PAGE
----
The refs screwed up. It happens. It wasn't because they were fixing the game to help America's Team, the Dallas Cowboys, advance in the playoffs and improve the NFL's TV ratings. It wasn't a protest from the officials, angry over Ndamukong Suh's suspension being overturned.
Gentlemen, start your conspiracy theories. Sometimes, stuff just happens. Ironically, it usually happens to either the Detroit Lions or Tony Romo. And this time, both of them were involved. You had Romo facing the Lions in the playoffs on Sunday. And history would tell you that neither one of them should win. They never do. Romo always chokes and the Lions are the Lions.
So with 8:25 left in the fourth quarter, when Dallas was called for a pass interference penalty, and then the officials changed their minds, picked up the flag and played on – well, you knew something weird was happening.
Sure, the refs had been right the first time. And yes, Detroit was screwed. But there is no reason to think the Lions would have won this game in the first place. Dallas won because Romo made the plays when he had to, and because Detroit quarterback Matt Stafford didn't.
I'm sure they don't see it that way in Detroit. And in Dallas, Romo fans are surely celebrating. Because after all the painful things that have happened to Romo at the end of games, he finally caught a lucky break.
This is the year of redemption for Romo, and also for the Cowboys and their owner, Jerry Jones. It's a weird storyline and this game had a similarly weird feel from the start. Chris Christie was up in the owner's box with Jones, making a huge mistake by wearing a bright orange sweater on TV. After the game ended, Christie could be seen bouncing up and down, trying to high-five Jones, pretty much giving away Michigan's 16 electoral college votes in 2016.
Meanwhile, Dallas defensive lineman DeMarcus Lawrence recovered a fumble with two minutes left, all-but sealing the win – until he fumbled it right back. And the guy who coached him up about it on the sideline? Leon Lett, known for a variety of on-field mishaps, most notably his embarrassing Super Bowl fumble. Lawrence eventually would make the game-winning sack.
And weirdest of all, here was Romo in a game with all sorts of crazy things going on, a surefire setup for another of his famous failed finishes. Instead, he led the Cowboys back from a 14-point deficit. That included a 59-yard touchdown drive with a 21-yard completion on fourth down. He stood in the pocket so patiently with such poise.
In all these years, it was just the second playoff victory of Romo's career. And when it was over, he told Erin Andrews why he didn't fall apart when the team was in trouble: "You just have to stay in the moment and understand the game. Usually, things dissipate a little bit. You just have to keep calm, and I've played enough games to know that. Maybe when I was younger I didn't understand that.''
Sure, let's go with the idea that Romo has matured. He has spent nine seasons as a starter showing that he's good enough to win big games, but unable to do so. Like in the 2007 playoff game against Seattle, when he couldn't even hold the ball for his kicker on a short field goal. Or the 2013 game when he threw for 506 yards – 506! – against Denver, only to toss an interception in the end and lose.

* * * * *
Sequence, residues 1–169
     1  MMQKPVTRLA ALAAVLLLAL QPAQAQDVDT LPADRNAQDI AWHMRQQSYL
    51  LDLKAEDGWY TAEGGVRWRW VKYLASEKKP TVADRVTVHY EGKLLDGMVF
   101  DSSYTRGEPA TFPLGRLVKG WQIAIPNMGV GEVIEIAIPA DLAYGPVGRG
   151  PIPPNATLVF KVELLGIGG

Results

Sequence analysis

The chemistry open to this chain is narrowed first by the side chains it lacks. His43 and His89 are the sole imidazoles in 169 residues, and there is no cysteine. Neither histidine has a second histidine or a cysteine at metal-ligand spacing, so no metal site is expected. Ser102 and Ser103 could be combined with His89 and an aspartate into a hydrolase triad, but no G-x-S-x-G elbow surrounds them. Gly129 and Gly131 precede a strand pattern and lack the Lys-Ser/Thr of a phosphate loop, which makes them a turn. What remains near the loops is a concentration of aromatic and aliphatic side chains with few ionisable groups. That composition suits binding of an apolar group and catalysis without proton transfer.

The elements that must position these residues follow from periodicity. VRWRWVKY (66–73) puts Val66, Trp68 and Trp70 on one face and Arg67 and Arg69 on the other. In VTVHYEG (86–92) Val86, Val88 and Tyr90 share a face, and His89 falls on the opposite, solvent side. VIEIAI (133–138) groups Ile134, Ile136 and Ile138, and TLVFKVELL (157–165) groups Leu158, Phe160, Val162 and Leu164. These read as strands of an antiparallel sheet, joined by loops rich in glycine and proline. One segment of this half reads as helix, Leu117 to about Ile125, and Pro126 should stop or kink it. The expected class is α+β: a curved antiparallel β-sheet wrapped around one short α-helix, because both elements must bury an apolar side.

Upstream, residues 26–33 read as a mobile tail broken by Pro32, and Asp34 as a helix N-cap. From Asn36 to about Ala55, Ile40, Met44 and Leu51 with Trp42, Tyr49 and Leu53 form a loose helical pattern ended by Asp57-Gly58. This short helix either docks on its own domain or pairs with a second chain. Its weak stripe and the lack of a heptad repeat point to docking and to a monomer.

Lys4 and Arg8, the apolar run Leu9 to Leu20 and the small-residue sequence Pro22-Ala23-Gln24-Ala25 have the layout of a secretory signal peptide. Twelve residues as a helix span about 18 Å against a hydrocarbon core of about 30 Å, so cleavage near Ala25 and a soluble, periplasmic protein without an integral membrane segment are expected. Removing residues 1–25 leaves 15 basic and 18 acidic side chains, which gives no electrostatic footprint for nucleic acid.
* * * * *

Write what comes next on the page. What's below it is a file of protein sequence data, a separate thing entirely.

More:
The big collapse that same year against Green Bay, aided by Romo's interception. He had a fumble and a late pick in blowing a 14-point lead over the Jets. There were some other collapses in there, against the Giants and the Lions maybe, and the Steelers. Definitely the Steelers. They all start to blend together. One of them had a game-winning touchdown overturned because receiver Dez Bryant's fingertips were out of bounds.
The difference this year is that the Cowboys finally realized Romo isn't a superstar. So many teams think the model for winning is to have a great quarterback – Aaron Rodgers, Tom Brady, Peyton Manning – give them the ball and let them win the game.
And that's a fine model if you happen to have one of the best quarterbacks of all time. Romo isn't one of them. But the Cowboys kept pretending he was, or trying to talk themselves into it. I'm guessing Jones was insisting. They would turn games over to Romo and he would throw the ball all over the place and look like he could pull out wins. Then he'd make that one fatal mistake.
Again and again.
Finally, the Cowboys decided to build a great offensive line and base the offense on running, not Romo's passing. Instead of listening to Jerry and drafting Johnny Manziel, they took offensive lineman Zack Martin.
Bo-ring? Sure. But now the Cowboys are a great running team with three offensive linemen going to the Pro Bowl, including Martin. It took pressure off of Romo – he doesn't have to make, say, 10 plays in crunch time without a mistake anymore. Now, maybe it's four. Romo became a good quarterback as soon as the Cowboys acknowledged that he isn't a great one.
Up next, the Cowboys are at Green Bay. It's a marquee matchup that will be great for ratings. But that's not what officials were thinking when they screwed over Detroit. There was something even stranger afoot on Sunday: Tony Romo caught a break, and for once, he knew what to do with it.